The other thing that complicates my relationship with Moscow (I promise we're getting to the pictures soon) is that it serves as my gateway in and out of Russia. Russians love to say that Moscow "isn't Russia," and on my way out of the country I tend to agree with that. The lifestyle and pace there are completely different from the rest of the country, in more than just a big city/small town way; getting to Moscow feels like I've already got one foot back in the West. But Moscow changes on my way back into the country – fresh from America, the pure Russianness of the city is what I feel most of all, from the fashions to the smells to the flood of Russian voices, the intonations I recognize even when I can't make out the words. This dual face makes Moscow feel like a portal into another dimension, especially since traveling between the two countries really does feel less like a move from one spot to another on the same globe than like a shift in the nature of reality. (For this effect I blame the disconcerting speed of air travel more than the actual degree of difference between the two cultures, although that's also not insignificant.)

Right, so that's where the pictures (sort of) come in – spending the day in Moscow between my flight from the U.S. and my train back to Taganrog, I took a picture of a New Year's tree. That gave me the idea to write a post about how weird it was to leave the U.S., where the holidays were already kind of winding down, and arrive in Moscow, where the run up to the New Year (the biggest holiday of the year in Russia, bearing more than a passing resemblance to American Christmas) was in full swing. And *that* started me thinking about all the reality-shifting that happens in Moscow.

Anyway, here is the picture:

This is in GUM, a gorgeous, castle-like building on Red Square that used to be the state-run department store but is now an extremely ritzy shopping mall. I spent an hour or two there just wandering and watching the rich buy Burberry and Chanel and Cartier and just be their rich, fur-clad, diamond-studded-cell-phone-bearing selves. Everything was really decked out for New Year's, and they even had a live jazz combo playing, dressed in Santa suits!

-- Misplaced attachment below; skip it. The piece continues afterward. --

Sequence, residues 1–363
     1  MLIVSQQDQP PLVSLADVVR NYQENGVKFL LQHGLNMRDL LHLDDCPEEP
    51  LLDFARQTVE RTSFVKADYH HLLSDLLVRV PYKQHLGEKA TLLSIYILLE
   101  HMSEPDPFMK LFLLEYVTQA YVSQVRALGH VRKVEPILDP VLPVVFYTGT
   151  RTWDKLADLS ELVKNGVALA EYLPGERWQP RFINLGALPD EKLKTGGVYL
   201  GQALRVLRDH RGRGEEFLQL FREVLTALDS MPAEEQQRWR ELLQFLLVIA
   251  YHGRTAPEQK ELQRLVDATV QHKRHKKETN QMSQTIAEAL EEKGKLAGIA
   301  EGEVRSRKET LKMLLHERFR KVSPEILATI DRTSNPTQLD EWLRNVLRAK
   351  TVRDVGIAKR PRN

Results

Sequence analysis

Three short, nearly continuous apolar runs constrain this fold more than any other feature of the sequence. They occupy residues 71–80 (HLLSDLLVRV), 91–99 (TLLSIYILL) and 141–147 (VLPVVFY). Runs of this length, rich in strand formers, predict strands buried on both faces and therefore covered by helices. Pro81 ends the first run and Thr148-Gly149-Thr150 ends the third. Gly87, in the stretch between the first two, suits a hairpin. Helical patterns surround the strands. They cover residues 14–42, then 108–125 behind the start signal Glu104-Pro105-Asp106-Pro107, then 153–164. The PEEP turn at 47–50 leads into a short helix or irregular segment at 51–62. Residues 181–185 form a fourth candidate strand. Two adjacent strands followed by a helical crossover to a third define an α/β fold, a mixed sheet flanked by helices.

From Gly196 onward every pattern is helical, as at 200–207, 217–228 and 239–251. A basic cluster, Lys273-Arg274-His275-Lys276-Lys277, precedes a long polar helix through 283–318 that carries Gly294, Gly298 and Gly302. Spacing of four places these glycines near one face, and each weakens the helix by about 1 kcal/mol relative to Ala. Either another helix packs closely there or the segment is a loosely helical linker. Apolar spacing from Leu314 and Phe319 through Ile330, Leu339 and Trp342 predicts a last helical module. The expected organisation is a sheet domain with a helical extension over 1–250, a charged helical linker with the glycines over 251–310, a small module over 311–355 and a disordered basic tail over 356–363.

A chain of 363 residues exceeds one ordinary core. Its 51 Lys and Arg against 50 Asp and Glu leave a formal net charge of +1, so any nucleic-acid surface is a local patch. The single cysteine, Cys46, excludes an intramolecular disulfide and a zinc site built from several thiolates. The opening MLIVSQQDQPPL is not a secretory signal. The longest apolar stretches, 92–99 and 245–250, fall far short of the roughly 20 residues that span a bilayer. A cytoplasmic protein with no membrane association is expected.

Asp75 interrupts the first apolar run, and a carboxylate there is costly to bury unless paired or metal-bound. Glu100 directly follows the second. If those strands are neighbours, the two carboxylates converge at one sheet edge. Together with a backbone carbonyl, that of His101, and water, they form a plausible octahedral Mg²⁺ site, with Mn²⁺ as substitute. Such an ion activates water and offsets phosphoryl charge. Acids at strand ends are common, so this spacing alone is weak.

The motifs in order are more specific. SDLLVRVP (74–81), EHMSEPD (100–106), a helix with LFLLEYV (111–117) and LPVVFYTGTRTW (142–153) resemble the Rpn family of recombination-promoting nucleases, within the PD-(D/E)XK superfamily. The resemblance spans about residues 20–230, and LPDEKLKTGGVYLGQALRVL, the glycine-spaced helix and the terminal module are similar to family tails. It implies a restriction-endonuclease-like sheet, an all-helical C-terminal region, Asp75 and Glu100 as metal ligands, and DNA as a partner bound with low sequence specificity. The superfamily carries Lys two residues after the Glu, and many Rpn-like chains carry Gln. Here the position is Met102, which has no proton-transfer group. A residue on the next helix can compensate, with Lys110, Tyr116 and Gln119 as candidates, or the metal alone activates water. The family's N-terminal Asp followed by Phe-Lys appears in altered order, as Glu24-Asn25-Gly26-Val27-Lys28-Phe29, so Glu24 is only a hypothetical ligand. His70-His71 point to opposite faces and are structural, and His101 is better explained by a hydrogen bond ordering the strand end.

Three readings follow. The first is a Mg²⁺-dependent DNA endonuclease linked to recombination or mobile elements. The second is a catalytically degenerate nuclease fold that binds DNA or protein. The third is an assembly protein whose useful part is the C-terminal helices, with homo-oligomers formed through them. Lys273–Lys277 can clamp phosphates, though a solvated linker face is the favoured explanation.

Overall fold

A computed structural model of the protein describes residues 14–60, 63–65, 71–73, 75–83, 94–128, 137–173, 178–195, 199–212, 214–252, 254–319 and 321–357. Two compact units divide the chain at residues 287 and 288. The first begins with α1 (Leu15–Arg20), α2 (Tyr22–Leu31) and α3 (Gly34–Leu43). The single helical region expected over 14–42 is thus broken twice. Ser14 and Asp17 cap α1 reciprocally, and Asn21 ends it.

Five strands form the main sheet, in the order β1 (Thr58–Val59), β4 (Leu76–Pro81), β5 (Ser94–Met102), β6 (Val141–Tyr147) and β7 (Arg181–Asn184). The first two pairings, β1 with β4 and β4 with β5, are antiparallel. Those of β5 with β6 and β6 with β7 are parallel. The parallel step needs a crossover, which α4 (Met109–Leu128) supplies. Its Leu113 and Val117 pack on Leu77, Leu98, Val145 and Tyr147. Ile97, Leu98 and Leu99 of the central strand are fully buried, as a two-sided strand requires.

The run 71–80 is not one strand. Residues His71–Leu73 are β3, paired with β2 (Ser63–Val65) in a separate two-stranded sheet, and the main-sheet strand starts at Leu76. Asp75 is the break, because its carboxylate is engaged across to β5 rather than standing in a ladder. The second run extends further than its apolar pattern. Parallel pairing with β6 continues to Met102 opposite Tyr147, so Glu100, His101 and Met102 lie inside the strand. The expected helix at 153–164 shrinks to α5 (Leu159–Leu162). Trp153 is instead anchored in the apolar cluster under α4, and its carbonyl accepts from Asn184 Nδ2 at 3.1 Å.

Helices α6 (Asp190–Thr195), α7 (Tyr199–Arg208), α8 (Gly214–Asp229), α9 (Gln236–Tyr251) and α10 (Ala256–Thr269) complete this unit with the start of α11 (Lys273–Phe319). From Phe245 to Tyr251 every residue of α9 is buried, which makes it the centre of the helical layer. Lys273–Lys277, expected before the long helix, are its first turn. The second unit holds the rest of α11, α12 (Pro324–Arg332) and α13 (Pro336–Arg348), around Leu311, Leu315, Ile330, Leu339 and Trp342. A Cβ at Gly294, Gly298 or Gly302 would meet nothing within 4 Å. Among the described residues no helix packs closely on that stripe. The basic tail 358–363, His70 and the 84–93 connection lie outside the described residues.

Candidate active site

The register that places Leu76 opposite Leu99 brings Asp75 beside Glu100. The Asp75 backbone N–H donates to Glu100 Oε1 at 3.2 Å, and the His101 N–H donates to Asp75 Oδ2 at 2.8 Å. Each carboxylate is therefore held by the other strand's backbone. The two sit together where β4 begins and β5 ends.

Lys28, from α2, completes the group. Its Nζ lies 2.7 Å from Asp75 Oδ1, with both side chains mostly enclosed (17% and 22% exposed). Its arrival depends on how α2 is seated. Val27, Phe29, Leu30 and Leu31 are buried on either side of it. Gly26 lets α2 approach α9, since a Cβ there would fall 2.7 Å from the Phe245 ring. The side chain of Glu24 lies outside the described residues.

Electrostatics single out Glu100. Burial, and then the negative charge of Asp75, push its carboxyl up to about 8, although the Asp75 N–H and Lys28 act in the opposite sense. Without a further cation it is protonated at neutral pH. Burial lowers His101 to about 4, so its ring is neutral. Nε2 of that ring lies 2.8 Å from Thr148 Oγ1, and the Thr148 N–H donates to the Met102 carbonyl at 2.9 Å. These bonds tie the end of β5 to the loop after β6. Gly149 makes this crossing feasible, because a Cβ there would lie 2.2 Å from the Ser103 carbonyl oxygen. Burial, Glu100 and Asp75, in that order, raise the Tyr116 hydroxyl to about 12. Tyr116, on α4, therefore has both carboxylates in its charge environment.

The gee-I-actually-do-kinda-like-Moscow part of this post was brought to you by the other way I occupied myself that day. Sandwiched between a long plane ride and a long train ride, I really wanted to spend some time outside, so I went to Kolomenskoye, the 17th-century tsars' country residence on the Moskva river (it's not in the country anymore – you can get there from the downtown in about 15 minutes by subway). It's now a "museum-reserve," so sort of a big park with a lot of old state-protected buildings on it. Kolomenskoye was actually one of the very first places I visited in Moscow, back in the summer of 2006 with Amara on our second or third day in the city, so it was very nostalgia-inducing.

This church was being renovated last time I was in Kolomenskoye, but now its scaffolding is off and it totally dominates the landscape along the ridge by the river. It was completely closed up when I was there, and it's still very, very new-looking, which somehow added to the bleakness of it on this bleak December day – it made it seem not just deserted, but as if it was never used at all.

And those are actually all the pictures I have. I hope you don't feel cheated after reading that whole long post! I guess it turns out that I couldn't get myself to write anything because I had too much to say – so check back soon for something (hopefully) shorter!

(The title of this post is just a silly play on the title of the film Москва слезам не верит, Moscow Does Not Believe in Tears.)